On the Friday of our legal wedding, my now wife Julia and I woke early to visit and honor the newly erected Martin Luther King, Jr. Memorial before we picked up our marriage license from the courthouse. That night, we gathered in the basement of the Health Care for America Now office building on K Street – with close family, a few friends, a judge, and building gym goers who stopped to peer into our unusual ritual. Our legal wedding was a hopeful moment among a series of hopeful moments that eventually led to legalization of marriage for same-sex couples across the United States.
This past Monday, I retraced my steps from the MLK, Jr. Memorial to just two blocks past the D.C. courthouse where we had picked up our marriage license. This time, I walked with nearly 3,000 ministers from all over the United States and from differing and rich cultural and religious backgrounds. The (misnumbered) 1,000 Minister March for Justice marked the 54th anniversary of King’s “March on Washington,” when he delivered the now famous “I have a dream” speech. That speech marked the 8 year anniversary of the brutal murder of 14-year-old Emmett Till.The journey was familiar. Same streets. Similar steps. Same moral pursuit of rights and equity. Different moment.
5 years ago, when Julia and I were married, there was a sense of hope that things we’re improving – that though it moved slowly, the arc of the moral universe was bending towards justice. Now, for me, for the ministers with whom I marched, and for many of us, that hope is sometimes hard to access. When white supremacy is openly endorsed not only in our streets, but in our White House, when life-giving healthcare access is threatened and saved by only 3 morally minded Senators, when mass incarceration is destroying whole neighborhoods and generations of black and brown people, how do we possibly hope?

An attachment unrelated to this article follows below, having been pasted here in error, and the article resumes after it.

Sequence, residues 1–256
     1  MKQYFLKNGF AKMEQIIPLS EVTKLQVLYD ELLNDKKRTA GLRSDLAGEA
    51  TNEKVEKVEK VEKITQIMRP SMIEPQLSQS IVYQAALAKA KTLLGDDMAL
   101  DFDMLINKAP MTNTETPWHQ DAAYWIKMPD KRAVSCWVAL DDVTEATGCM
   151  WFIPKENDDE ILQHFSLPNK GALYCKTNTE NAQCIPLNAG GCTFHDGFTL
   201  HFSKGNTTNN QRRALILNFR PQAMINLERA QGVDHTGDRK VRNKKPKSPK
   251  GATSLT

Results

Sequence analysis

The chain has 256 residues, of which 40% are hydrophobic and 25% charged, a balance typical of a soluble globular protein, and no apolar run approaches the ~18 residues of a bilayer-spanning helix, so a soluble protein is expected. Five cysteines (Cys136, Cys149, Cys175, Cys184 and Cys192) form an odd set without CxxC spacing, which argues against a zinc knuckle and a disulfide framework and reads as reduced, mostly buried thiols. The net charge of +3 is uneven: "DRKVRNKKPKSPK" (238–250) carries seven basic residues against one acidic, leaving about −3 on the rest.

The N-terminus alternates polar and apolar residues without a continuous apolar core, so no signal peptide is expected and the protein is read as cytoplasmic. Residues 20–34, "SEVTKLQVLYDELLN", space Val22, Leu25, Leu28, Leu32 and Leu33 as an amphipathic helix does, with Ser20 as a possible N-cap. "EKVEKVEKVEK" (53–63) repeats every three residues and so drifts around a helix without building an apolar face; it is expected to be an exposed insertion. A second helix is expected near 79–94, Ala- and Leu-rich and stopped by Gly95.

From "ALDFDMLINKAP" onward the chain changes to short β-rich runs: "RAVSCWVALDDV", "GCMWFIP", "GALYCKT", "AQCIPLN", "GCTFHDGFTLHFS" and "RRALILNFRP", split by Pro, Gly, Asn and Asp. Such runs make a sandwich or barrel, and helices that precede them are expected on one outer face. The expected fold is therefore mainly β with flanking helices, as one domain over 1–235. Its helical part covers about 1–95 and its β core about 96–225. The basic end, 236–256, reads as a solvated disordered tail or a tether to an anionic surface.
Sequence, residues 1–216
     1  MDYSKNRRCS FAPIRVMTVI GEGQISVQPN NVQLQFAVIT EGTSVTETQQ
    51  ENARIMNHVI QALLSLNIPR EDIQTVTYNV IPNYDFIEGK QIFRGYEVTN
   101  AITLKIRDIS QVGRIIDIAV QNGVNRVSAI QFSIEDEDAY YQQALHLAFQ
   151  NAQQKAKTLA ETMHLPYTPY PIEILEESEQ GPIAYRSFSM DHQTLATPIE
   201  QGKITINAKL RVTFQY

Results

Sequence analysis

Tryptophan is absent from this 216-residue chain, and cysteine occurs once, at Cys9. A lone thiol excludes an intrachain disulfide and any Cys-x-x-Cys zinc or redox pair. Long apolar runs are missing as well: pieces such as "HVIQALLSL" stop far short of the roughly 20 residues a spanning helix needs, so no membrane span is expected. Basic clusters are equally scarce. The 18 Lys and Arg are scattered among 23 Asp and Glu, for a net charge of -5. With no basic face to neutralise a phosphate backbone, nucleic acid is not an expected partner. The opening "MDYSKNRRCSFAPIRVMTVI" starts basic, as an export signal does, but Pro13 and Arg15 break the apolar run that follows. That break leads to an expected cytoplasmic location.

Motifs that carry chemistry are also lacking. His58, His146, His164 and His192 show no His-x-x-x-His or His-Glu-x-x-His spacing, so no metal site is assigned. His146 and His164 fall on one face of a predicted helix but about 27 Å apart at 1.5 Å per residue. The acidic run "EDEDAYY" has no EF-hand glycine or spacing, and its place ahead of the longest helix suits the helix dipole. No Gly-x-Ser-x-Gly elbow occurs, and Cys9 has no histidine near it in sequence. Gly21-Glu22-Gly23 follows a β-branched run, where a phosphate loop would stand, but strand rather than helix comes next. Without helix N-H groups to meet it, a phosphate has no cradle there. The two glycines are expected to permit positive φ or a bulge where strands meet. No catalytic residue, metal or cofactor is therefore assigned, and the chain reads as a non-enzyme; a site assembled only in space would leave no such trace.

We hope by looking to the resilience of those who became before and by looking to one another. 54 years earlier King preached: “I say to you today, my friends, though, even though we face the difficulties of today and tomorrow, I still have a dream.” With the memory of Emmett Till hanging over the crowd, King said “I still have a dream.” So we ministers gathered, and we looked to one another, and we chose to dream – not a distant and metaphoric dream, but a personal dream.
It is personal to dream of a world without Nazis, and the alt-right, and white Christian-rooted nationalists. It is personal to dream of a world in which our colors or shapes of our bodies are held by one another as treasures and joys. Just as it was personal to dream that one day, Julia and I could be married and that our marriage would be recognized by the whole United States.
At the MLK, Jr. monument, Dr. King’s figure emerges from the stone. “Out of the mountain of despair, a stone of hope,” he preached in 1963. Just as despair and discrimination cycle through the generations, so too does hope, so too do dreams. And in this moment, in this critical time, when we really need hope, we look to those who dreamt before us, and to those who dream with us now.
– Rabbi Kerry